The only relevance of Darwin to the discussion is that any disease that can prove fatal before one's career in procreation is over would favor the survival of those bearing genes that conferred total or at least significant immunity, if and ONLY if such genes actually exist. Otherwise, it all comes down to happenstance of exposure. All this is unquestionably correct as a scientific point. We aren't worshipping anyone when acknowledge these scientific facts and acknowledging them doesn't mean we have to stand idly by as a possibly preventable disease selects for genes by killing people we value.

      July 3, 2011 at 11:18 am |
    • John Richardson

      Whoops, did I actually say "exorcised" Bwahahaha!

      July 3, 2011 at 11:20 am |
    • HotAirAce

      @Brad

      Why do believe that AIDS has a purpose – to slow the growth of a species?

      Re: pope-a-dope, given that the use of condoms is known to prevent the spread of AIDS, the rcc's stance is evil, right up there with protecting pedophiles.

      Is "Joe Blow From Idaho" Heaven Scent's new handle? Or Justina's? Or ?

      July 3, 2011 at 11:20 am |
    • Derick

      Atheists generally believe in natural selection because there's overwhelming evidence that it's TRUE. And if it's true, it's true whether we like it or not.

      That doesn't mean we have to think every result of it is good or necessary. That's like saying: if you believe in Newtonian physics, it's hypocritical to get out of the way of something that's about to fall on you, because gravity caused it just as Newton would predict!

      Further, I think you have your biology wrong, though I'm not an expert myself.

      July 3, 2011 at 11:23 am |
    • John Richardson

      All untreated diseases act as a check on the population of those exposed with no genetic immunity. That's as true for chicken pox as it is for AIDS. Should we let children with a bad case of the chicken pox or mumps or measles or what have you die?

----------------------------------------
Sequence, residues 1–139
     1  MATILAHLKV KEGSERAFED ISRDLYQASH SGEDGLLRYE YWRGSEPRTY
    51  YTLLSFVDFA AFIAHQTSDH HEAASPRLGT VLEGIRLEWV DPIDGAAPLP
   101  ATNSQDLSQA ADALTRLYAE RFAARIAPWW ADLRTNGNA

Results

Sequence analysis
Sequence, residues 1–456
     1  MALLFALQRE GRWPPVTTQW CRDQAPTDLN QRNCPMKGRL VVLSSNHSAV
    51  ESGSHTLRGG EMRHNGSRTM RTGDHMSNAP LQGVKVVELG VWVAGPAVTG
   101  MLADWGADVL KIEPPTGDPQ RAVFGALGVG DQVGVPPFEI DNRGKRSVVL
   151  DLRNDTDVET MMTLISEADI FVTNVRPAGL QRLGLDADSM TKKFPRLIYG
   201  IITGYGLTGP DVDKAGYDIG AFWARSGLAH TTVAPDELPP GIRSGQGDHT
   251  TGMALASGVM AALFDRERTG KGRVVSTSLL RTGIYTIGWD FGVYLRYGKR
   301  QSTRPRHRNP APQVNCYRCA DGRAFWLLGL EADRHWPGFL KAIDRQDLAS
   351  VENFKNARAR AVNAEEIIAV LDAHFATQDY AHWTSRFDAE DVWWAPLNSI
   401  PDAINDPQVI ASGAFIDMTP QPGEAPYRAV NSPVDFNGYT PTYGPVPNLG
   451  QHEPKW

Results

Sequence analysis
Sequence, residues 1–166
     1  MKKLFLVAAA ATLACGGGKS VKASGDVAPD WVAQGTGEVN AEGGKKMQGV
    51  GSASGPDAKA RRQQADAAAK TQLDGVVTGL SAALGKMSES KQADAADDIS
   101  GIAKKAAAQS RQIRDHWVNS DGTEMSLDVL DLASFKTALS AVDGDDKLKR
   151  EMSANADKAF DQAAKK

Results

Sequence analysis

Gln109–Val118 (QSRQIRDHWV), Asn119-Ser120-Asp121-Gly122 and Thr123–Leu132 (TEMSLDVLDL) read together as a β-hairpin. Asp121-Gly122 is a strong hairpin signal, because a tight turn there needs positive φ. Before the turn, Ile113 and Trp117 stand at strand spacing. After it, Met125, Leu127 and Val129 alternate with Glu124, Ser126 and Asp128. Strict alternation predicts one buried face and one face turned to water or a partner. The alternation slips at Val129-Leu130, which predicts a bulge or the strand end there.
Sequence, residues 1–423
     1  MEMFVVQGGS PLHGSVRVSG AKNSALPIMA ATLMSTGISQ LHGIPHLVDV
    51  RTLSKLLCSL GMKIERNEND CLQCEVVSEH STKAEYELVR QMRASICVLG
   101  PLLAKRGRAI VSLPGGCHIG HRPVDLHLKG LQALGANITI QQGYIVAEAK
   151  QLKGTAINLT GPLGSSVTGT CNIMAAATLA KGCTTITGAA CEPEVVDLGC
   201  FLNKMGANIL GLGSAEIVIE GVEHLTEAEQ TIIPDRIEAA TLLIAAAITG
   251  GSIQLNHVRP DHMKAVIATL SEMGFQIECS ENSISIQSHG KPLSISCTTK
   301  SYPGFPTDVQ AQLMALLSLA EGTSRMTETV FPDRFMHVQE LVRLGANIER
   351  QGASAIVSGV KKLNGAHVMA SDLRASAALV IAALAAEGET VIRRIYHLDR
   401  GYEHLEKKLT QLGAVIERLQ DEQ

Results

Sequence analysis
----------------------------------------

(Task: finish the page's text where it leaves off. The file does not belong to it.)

July 3, 2011 at 11:23 am |
    • Donamoula

      brad, you are so massively stupid that I'm having a hard time thinking of the proper adjectives to use. That's pretty bad.

      July 3, 2011 at 11:29 am |
    • Bucky Ball

      Joe Blow
      And leukemia is a punishment for the four year old I saw yesterday pushing his I-Med/chemotherapy down the hall with one arm, and holding his teddy bear in the other ? Shame on you.

      July 3, 2011 at 2:45 pm |
  4. jim

    if atheists view everything as being relative or not, then that statement alone is marked irrelative....making that statement nonexistent...thus disproving their very stance on atheists false 🙂

    Hope, Faith, Love

    July 3, 2011 at 10:59 am |
    • Spiffy

      How about this. There is no God.

      July 3, 2011 at 11:01 am |
    • Spiffy

      How about this? There is no God.

      July 3, 2011 at 11:01 am |
    • jim

      but if atheist believe nothing matters, than your statement doesn't matter...you can't have one without the other 🙂

      Faith, Hope, Love

      July 3, 2011 at 11:04 am |
    • Spiffy

      Atheists don't believe nothing matters. We believe that magical men in the sky and their fairy tale stories don't matter.

      July 3, 2011 at 11:06 am |
    • jim

      so, where does your belief come from?

      July 3, 2011 at 11:08 am |
    • Spiffy

      From facts, science, intelligence, and reason.

      July 3, 2011 at 11:12 am |
    • jim

      where do facts, science, intelligence, and reason come from?

      July 3, 2011 at 11:13 am |
    • Spiffy

      Studying and learning. Can I ask you where you base your beliefs on?

      July 3, 2011 at 11:20 am |
    • Dan